The video premiered on television on 29 June 2005.[2] Journalist Caroline Bee considered that "in this video the whole influence of David Cronenberg on Benoît Lestang's work can be found" and believed that the staging recalls the performance of "Libertine" during the 1996 tour, when Farmer sang in a chair.[12] However, the video was considered disappointing by many fans of Farmer and generally received critical reviews accusing it of being too simple,[13] as Erwan Chuberre said, "There is nothing transcendent...all that remains modest and the audience bored".[8] The psychologist Hugh Royer stated that the singer has a too sleek look in this video, noting her "hair carefully curled and lacqued" and her "sophisticated make up", which would have "harmed the goal of the video", i.e. showing a couple in their daily lives.[14]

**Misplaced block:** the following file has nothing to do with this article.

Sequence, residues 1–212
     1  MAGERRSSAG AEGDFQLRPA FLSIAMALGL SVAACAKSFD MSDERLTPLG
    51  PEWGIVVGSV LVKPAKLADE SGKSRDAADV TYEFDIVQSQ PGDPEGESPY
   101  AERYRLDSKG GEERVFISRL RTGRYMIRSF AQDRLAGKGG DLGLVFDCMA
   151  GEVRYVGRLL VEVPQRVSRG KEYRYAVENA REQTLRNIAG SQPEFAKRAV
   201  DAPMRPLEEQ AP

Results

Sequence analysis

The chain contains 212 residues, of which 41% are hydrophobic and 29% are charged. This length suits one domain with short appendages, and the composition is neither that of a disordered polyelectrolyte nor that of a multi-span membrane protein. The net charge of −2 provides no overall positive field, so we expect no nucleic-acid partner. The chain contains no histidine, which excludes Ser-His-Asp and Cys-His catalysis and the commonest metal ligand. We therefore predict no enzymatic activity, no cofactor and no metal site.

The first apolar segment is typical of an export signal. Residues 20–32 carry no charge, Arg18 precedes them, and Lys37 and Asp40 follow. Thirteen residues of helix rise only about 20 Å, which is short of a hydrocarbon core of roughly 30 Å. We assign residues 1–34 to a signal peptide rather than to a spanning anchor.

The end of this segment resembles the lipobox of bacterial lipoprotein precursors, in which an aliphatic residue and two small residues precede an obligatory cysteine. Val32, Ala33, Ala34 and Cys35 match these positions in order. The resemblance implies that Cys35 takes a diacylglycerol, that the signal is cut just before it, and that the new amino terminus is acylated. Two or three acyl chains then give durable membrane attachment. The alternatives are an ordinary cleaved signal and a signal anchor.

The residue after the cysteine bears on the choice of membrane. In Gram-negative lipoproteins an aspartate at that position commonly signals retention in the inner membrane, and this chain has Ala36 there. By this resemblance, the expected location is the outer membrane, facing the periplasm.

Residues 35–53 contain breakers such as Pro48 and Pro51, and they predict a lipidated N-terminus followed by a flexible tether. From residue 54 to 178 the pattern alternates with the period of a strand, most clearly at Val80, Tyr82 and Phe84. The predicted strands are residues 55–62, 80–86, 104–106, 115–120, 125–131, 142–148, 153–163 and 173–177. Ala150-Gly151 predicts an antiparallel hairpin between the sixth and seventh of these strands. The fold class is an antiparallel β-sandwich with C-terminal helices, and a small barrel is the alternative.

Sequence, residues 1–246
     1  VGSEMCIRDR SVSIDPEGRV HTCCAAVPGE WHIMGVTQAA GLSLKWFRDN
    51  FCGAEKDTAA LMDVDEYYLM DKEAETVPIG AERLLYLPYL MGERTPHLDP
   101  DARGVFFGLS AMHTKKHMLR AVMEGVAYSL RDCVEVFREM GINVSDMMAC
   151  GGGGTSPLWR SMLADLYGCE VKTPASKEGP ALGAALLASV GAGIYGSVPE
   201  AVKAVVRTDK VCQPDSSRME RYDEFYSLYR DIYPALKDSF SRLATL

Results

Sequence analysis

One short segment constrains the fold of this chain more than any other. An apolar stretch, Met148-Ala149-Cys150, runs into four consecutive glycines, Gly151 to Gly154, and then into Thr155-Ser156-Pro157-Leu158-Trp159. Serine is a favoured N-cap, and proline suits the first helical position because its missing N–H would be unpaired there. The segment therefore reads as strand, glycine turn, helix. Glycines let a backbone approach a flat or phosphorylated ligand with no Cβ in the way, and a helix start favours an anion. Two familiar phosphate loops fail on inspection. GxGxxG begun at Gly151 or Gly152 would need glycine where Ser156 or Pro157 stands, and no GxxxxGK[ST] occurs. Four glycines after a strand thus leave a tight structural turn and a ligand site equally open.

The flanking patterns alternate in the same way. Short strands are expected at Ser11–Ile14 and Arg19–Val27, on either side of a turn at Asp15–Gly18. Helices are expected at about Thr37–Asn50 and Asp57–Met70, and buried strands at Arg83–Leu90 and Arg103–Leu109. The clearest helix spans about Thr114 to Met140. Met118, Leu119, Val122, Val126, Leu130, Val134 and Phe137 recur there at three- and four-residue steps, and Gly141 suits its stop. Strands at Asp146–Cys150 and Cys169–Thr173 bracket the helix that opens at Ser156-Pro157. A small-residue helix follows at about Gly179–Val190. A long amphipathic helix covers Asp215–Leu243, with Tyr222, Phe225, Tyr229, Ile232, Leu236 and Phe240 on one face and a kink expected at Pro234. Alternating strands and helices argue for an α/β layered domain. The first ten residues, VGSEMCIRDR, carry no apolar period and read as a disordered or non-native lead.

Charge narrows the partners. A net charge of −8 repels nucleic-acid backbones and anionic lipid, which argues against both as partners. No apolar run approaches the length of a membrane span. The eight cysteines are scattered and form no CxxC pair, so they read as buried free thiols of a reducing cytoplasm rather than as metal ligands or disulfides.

Promotion and live performances[edit]

The song was never performed on television; in July 2005, however, the single was promoted on television with three 15- to 30-second advertisements showing excerpts of the music video, although one of them was censored.[15] According to the description of the 2006 concerts at Bercy by Rigal on his website, Farmer took off her big black hat when she sang "Q.I" on stage, and performed a new choreography with her female singers. She asked the audience to raise their arms in the air and to sing with her the last background vocals.[16]

Critical reception[edit]